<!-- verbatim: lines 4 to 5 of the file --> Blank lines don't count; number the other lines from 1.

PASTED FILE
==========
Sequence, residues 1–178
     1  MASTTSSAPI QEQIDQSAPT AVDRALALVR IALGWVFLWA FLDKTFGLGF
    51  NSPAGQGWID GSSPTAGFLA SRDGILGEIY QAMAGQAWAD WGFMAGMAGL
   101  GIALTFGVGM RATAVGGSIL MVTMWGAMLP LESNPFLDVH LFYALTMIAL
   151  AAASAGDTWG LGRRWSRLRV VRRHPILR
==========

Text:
   101  GIALTFGVGM RATAVGGSIL MVTMWGAMLP LESNPFLDVH LFYALTMIAL
   151  AAASAGDTWG LGRRWSRLRV VRRHPILR